We stayed in bed late then walked around Bantry.  In the afternoon we decided to try a bit of fishing so we set off to one of the jetties and proceeded to fish.  We had an enormous haul, the only thing was, it consisted of many dozens of crabs and only one fish, caught by Melvyn, which was an ugly, dirty brown thing about four inches long and which we threw back in.  We met a boy from Essen in Germany who was hitch-hiking around the country and was camping on the top of the cliff.

19th August, Monday

It was sunny and very hot all day so most of us lazed around camp, preparing for the next day’s hiking while some of the boys went pony-trekking.  They really enjoyed themselves—although a trifle sore—and they saw some magnificent scenery.  The rest of us read our letters if we had received any and wrote postcards home.

20th August, Tuesday

There was a horse fair in the town square and it was packed out.  We had decided that to hike all the way to Kenmare in one day was too much but it was impossible to split the stage up by a stop so we decided to hire a minibus or car to take us as far as Coomhola Bridge (MR 024.990.558). We left Bantry at 12:30 and Coomhola Br at 12:55.  We headed almost due north along a track which, after about a mile started to climb steeply and eventually rose about 1600 ft in 4 Mlles.  The sun was very hot and by the time we were part way up we were very tired.  An unusual feature was the suddenness of the change from a country lane, admittedly steep, hedged with fuchsias to mountain track.  About half way up we saw a blue mini-car which had apparently come all the way over the top, as we saw its tyre tracks in several places.  We reached the top, where there was a wooden cross, at 14:50, and almost as soon as we had started down the other side we noticed that it was cold and it came to rain.  These showers did not last very long but were a nuisance.  The walk down was hard on the feet and so when we reached Drehideighteragh Bridge (MR 990.650) at 15:40 nearly at the bottom we washed our feet in the river that, although very cold, was quite refreshing.  We made enquiries and discovered that the next shop was in Kenmare so, if we wanted to eat, we would have to get there that night.

After a rest of about half an hour we carried on but before we had gone more than a couple of hundred yards we got caught in a very heavy shower so we sheltered for a bit before continuing.  At the triangular intersection a bit further on we noted a footpath that seemed to cut about half a mile off and we were fed up of walking on tracks so we decided to try it.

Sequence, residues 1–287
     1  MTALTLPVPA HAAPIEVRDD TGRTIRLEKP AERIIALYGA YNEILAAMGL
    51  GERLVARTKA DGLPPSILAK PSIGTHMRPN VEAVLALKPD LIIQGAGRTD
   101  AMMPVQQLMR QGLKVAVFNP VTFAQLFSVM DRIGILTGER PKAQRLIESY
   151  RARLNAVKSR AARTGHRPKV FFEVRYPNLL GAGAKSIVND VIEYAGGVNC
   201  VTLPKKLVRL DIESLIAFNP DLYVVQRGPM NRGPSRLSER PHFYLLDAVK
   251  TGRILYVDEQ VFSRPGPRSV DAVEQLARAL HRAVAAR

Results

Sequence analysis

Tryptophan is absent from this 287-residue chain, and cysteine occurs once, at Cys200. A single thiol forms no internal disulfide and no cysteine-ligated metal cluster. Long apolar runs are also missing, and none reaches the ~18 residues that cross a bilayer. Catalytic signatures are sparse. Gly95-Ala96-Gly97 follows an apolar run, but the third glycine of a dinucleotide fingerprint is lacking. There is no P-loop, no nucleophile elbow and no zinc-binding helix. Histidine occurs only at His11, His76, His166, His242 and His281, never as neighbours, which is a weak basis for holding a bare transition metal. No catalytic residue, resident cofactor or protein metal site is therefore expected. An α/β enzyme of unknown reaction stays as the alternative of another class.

This was a pleasant change and, although it was very muddy in patches we got through quite easily, rejoining the track about a mile after.  We followed this track, occasionally being passed by people on bicycles, for several miles until we reached Dromanassig Br (MR 021.950.680) at 18:05 hrs.  Here we crossed the river on to the main road.  This seemed to stretch for miles and we were not looking forward to the walk into Kenmare so when, after we had been walking for about 15 mins, we saw a bus coming up behind us and going to Kenmare, we stopped it and gratefully hauled ourselves aboard.  The bus was a No 9 and the fare from where we got on was 1/-d single.

We arrived in Kenmare at 18:35, got out, and first of all started to look for somewhere to have a meal as we were too hungry to cook our own.  While we were looking around, however, a man came up to us and asked whether we had anywhere to stay.  We said no and he offered to let us stay on the town golf course.  So I went along to see the site, liked it, fetched the others and we camped there, by the first tee, sheltered by trees, on good grass and with a good view.  We then had tea and walked around the town a bit before turning in.

21st August, Wednesday

We were tired out after the long hike the day before so we got up fairly late.  The weather was mainly cloudy but there were quite a few sunny intervals.  We went for a walk around Kenmare which is quite small, consisting of mainly a main street with most of the shops, one cinema which showed films on two days of the week and which housed a bingo club on one other and the remainder of the town consisted of houses.  We discovered that there was a bus leaving for Killarney at 12 noon on the next day.  We studied the map and saw that to reach the next place which would be suitable for a camp we would have to hike at least twenty miles, climbing up over a thousand feet and back down in the process.  The we would be still about 10 miles from Killarney, where we were heading which would require another day, so leaving us only three days at the most to spend around Killarney, the first of which would be spent settling in properly.  We therefore decided to catch this bus on the next day.